Syrup C was the spiced apple syrup (Figure 7), highlighted by the differing chromatographic profile whereby two peaks can be seen in addition to the sucrose peak noted in Syrups A and B.

Overlay chromatograms of Syrup C (blue) and 0.625 mg/mL standard (black).

Figure 8. Overlay chromatograms of Syrup C (blue) and 0.625 mg/mL standard (black). Image Credit: PerkinElmer Food Safety and Quality

Closer inspection via a chromatographic overlay with the 0.625 mg/mL sugar standard (Figure 8) reveals that the additional peaks represent fructose and glucose.

Table 3. Amount sugar (mg) and percent sugar (w/w) for each of the three syrups analyzed. Amounts are based on the average of three injections. Source: PerkinElmer Food Safety and Quality

SYRUP A; SAMPLE WEIGHT: 637.1 mg
Analyte Amount (mg) Percent Sugar (w/w)
Fructose Trace n/a
Sucrose Trace n/a
Glucose 338.19 53.08
SYRUP B; SAMPLE WEIGHT: 886.6 mg
Analyte Amount (mg) Percent Sugar (w/w)
Fructose Trace n/a
Sucrose Trace n/a
Glucose 477.71 53.88
SYRUP C; SAMPLE WEIGHT: 831.41 mg
Analyte Amount (mg) Percent Sugar (w/w)
Fructose 53.46 6.43
Sucrose 45.95 5.53
Glucose 350.91 42.21

 

Table 3 shows quantitative results for each syrup sample. These are based on standard calibration.

Syrups A and B were found to contain a quantitative amount of sucrose, though trace amounts of glucose and fructose were also observed below the limit of detection – these were, therefore, not considered in any of the calculations.

Syrup C was found to contain far higher concentrations of glucose and fructose than Syrups A and B, likely due to the apples used in the syrup’s production.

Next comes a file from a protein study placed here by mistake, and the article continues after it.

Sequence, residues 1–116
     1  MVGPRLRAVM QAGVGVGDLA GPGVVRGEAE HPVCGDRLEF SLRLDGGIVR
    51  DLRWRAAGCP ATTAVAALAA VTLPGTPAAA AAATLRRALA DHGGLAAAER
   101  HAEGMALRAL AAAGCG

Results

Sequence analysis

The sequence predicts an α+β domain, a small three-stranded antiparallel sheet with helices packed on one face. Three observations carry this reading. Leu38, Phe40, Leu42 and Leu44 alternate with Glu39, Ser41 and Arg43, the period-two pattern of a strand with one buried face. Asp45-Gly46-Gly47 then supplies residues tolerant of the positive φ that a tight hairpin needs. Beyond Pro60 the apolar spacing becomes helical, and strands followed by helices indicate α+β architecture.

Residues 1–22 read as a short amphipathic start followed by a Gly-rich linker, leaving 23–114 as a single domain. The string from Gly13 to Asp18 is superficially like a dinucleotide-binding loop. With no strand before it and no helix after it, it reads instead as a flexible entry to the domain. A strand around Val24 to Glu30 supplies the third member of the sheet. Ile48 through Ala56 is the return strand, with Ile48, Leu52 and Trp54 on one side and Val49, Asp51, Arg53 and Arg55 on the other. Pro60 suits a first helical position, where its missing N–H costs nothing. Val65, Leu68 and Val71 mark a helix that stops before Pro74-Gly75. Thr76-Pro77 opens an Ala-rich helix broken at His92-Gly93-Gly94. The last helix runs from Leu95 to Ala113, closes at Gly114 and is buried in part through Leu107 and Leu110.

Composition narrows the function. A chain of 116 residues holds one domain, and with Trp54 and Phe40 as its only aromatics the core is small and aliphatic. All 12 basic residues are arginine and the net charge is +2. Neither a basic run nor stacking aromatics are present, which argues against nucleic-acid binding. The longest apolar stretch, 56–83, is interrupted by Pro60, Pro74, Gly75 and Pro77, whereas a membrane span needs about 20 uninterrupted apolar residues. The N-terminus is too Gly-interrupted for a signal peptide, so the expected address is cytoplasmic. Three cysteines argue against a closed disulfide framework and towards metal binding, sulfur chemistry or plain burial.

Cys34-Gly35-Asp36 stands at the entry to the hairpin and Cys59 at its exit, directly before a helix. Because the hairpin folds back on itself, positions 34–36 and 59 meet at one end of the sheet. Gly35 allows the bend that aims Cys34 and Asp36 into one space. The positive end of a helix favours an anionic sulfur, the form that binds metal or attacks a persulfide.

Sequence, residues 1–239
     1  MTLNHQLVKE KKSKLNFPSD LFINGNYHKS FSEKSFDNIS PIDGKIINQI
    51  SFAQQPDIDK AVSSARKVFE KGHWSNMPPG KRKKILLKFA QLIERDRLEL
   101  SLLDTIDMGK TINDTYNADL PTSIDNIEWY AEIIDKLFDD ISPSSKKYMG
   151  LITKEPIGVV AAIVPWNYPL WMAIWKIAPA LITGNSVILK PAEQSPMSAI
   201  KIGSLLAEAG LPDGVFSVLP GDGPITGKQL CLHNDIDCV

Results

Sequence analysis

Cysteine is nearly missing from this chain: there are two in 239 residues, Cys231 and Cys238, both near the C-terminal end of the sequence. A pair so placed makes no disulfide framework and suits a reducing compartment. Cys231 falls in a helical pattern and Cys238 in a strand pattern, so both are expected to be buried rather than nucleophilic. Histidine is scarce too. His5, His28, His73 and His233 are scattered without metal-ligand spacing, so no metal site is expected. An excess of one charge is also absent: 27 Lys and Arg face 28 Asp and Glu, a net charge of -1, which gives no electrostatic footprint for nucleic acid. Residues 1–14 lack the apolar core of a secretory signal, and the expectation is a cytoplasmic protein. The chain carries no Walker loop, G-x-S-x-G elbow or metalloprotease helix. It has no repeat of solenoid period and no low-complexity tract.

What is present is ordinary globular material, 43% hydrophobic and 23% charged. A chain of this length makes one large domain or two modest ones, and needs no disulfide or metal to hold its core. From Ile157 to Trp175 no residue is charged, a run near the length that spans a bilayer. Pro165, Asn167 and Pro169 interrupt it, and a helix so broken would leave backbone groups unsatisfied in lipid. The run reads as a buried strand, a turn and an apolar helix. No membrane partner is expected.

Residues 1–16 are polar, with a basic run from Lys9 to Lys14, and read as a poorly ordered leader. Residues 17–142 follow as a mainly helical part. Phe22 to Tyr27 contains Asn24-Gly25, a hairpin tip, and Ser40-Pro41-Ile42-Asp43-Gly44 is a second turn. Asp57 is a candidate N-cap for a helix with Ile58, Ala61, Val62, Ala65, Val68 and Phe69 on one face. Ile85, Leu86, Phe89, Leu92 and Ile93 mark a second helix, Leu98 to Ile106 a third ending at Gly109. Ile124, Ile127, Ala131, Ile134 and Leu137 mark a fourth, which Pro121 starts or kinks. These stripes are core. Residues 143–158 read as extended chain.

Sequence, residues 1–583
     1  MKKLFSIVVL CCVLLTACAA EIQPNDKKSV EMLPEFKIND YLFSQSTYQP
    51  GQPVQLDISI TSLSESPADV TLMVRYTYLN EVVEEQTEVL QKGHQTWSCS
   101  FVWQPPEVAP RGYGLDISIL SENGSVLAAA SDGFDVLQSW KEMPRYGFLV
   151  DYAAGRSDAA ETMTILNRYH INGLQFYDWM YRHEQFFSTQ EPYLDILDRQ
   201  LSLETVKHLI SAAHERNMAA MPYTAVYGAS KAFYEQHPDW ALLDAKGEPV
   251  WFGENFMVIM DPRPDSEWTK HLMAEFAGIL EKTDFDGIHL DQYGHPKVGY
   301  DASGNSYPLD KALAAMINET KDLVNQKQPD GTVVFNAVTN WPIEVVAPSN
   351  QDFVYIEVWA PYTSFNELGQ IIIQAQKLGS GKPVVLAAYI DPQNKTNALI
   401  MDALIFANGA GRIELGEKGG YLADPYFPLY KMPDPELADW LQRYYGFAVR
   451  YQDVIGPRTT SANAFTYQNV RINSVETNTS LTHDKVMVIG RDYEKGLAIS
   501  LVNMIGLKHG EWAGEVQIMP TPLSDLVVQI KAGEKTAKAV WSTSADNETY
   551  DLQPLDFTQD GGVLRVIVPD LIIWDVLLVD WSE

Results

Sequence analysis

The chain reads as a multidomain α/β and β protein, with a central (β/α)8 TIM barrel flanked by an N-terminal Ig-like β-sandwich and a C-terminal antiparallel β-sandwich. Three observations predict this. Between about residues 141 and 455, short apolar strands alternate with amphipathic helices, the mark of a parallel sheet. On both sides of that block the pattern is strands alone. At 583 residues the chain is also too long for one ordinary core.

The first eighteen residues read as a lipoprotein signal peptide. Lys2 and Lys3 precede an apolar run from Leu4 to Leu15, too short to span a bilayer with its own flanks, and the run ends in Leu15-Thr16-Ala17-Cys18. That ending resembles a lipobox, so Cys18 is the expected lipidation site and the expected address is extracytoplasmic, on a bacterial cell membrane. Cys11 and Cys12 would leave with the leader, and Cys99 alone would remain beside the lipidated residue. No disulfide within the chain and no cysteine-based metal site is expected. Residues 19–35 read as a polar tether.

The total percent sugar by weight for Syrup C was found to be 54.17%, close to that of the other two maple syrups based solely on the amount of sucrose present.

Conclusion

This study demonstrates a PerkinElmer LC 300 HPLC system with RI detection’s potential for the rapid and robust chromatographic separation and quantitation of four sugars.

All results exhibited excellent retention time repeatability, as well as very good linearity over the tested concentration ranges. The method offers LOQs of ≤0.1 mg/mL for almost every analyte.

This study involved sugar analysis in three different syrups - one spiced apple syrup from a local farmer’s market and two maple syrups from a local grocery store.

The method enabled the identification of specific analytes contained in each syrup sample. It also facilitated a comparison of sugar profiles, both chromatographically and quantitatively.

References

  1. USDA United States Standards for Grades of Maple Syrup, March 2015.
  2. Storz, G.; Darvill, A. G.; Albersheim, P. Characterization of polysaccharides isolated from maple syrup. Phytochemistry 1986, 25, 437−441.
  3. Ball, D. W. The chemical composition of maple syrup. J. Chem. Educ. 2007, 84, 1647−1650.

Acknowledgments

Produced from materials originally authored by Jamie Foss from PerkinElmer, Inc.

This information has been sourced, reviewed and adapted from materials provided by PerkinElmer Food Safety and Quality.

For more information on this source, please visit PerkinElmer Food Safety and Quality.